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Residencies OPEN offers a rare insight into the often-introverted sphere of the artist studios. Through showcasing discussions, performances, installations, and works-in-progress, Residencies OPEN profiles the diversity of contemporary art practice from around the globe and the divergent ways artists conceive an artwork with the studio as a constant space for experimentation and research.

This edition of Residencies OPEN takes place on the occasion of Art After Dark x Gillman Barracks 5th Anniversary Celebrations, and features Chun Kaifeng (Singapore), Sonya Lacey (New Zealand), Kartik Sood (India), and Richard Streitmatter-Tran (Vietnam).

Flowers from our Bloodlines: Lecture Performance by artist Zarina Muhammad (Singapore) in collaboration with choreographer Stefania Rossetti (Italy/France/Indonesia), featuring Vivian Wang (Singapore), artist Eric Lee (Malaysia), and sound artist Tini Aliman (Singapore)
22 Sep 2017, Fri 07:30 PM - 09:00 PM

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Therianthropy, the mythological ability of humans to metamorphose into other animals through shapeshifting, has marked myth and folklore across cultures and times, remaining one of the most common tropes in magical and otherworldly narratives. Drawing from concepts of the demonised and desired body, gender-based archetypes, and mythmaking, this lecture performance invokes family histories and revokes the lineages of colonisation in Southeast Asia. The event unfolds through the layering of personal memory, collective history, and fragments of ancestral and indigenous knowledge on healing and killing. Remembering the rites of the Wolf Spider and the Harimau Jadian (Were-Tiger) and exploring their multiple translations and adaptations, the performance looks at intergenerational and cross-cultural exchange through storytelling, rituals, gestures, and embodied movement.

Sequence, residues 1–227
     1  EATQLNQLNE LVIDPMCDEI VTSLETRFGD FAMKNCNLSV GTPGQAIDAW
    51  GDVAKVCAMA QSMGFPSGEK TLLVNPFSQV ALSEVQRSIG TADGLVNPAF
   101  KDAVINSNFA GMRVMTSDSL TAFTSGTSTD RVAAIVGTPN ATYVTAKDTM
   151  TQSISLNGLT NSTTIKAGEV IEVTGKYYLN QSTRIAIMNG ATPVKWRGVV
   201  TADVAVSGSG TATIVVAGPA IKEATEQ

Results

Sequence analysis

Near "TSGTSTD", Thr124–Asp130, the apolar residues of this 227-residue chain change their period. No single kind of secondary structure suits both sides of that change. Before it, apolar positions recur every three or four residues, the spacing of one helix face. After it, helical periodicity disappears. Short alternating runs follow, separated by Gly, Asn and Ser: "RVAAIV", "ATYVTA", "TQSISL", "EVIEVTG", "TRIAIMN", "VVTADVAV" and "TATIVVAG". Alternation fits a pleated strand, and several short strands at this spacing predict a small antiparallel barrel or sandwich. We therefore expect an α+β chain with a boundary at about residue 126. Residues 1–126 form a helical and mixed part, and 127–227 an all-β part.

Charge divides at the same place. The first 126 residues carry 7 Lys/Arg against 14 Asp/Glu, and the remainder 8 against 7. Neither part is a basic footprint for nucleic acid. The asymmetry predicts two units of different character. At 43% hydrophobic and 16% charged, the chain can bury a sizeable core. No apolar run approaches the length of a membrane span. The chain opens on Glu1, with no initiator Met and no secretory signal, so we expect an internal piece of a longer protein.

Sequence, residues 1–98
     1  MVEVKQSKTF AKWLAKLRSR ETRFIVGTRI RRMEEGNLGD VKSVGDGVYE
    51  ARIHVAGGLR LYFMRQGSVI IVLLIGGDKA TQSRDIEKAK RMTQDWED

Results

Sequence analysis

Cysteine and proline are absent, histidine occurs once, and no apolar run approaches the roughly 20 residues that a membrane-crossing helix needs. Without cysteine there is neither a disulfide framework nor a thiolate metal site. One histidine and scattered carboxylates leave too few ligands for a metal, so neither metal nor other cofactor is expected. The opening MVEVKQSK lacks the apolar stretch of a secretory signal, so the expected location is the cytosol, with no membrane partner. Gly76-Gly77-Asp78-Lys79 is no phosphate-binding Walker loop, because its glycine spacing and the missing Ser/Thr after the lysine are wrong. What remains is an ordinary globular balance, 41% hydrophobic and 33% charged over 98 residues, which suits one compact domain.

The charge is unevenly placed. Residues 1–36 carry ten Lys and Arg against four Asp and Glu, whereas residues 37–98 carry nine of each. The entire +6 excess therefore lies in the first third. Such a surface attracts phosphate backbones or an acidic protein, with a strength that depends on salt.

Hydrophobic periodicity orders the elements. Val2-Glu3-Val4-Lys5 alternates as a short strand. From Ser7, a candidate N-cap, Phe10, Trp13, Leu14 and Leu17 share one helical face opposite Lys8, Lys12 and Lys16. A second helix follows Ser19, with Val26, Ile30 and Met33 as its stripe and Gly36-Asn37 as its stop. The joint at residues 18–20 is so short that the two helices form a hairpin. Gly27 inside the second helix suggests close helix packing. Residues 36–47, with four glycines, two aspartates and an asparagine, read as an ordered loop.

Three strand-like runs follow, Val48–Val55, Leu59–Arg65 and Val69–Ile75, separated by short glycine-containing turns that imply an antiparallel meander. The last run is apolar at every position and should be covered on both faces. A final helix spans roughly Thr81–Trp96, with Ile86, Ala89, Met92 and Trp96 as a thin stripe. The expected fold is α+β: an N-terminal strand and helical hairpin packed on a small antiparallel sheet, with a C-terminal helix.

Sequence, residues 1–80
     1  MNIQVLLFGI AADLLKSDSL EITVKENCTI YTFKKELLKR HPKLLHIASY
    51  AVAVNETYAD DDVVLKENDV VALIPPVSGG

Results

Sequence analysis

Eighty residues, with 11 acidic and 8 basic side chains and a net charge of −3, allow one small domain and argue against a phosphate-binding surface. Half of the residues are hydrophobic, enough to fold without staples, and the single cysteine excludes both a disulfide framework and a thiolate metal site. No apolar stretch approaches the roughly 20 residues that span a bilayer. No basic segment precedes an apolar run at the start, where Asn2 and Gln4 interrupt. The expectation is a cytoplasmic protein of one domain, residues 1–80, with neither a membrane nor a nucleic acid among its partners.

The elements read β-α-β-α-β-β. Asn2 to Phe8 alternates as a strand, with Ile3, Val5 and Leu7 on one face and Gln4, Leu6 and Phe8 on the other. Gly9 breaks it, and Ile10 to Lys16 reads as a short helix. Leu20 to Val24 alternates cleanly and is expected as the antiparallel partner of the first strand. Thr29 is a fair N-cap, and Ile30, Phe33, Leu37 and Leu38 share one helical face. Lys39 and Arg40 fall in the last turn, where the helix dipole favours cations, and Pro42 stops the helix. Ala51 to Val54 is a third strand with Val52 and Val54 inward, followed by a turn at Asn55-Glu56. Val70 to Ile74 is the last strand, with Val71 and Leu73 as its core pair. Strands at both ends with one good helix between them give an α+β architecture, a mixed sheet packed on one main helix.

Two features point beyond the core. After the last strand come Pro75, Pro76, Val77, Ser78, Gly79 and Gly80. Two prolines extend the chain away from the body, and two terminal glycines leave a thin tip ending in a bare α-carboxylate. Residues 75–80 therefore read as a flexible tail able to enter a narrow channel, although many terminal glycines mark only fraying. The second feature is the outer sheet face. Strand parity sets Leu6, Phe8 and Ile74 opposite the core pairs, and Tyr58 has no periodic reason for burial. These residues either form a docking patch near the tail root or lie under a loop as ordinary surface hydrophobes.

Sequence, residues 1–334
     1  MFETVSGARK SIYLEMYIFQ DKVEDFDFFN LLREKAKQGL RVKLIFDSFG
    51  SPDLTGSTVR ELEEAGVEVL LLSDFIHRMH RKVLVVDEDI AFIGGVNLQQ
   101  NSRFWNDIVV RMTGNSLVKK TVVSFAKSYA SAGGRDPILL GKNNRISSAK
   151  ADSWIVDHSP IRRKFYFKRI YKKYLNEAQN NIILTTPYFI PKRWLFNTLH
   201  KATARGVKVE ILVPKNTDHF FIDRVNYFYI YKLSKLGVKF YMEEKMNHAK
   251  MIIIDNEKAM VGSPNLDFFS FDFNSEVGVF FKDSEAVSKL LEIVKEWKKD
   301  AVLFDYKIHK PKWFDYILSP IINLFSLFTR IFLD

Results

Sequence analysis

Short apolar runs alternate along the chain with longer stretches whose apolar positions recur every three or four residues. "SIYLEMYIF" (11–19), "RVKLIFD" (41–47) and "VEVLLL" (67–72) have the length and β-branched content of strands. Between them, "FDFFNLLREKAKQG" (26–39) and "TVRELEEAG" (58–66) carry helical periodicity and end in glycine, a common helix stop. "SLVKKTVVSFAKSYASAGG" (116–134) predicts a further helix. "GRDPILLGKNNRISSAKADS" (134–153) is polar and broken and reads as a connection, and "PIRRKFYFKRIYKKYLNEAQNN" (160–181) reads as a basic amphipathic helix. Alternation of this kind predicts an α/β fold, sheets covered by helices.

This programme takes place on the occasion of Art After Dark x Gillman Barracks 5th Anniversary Celebrations.

Screening: Orpheus, Jean Cocteau, France, 1950, 110 min
29 Sep 2017, Fri 07:30 PM - 09:00 PM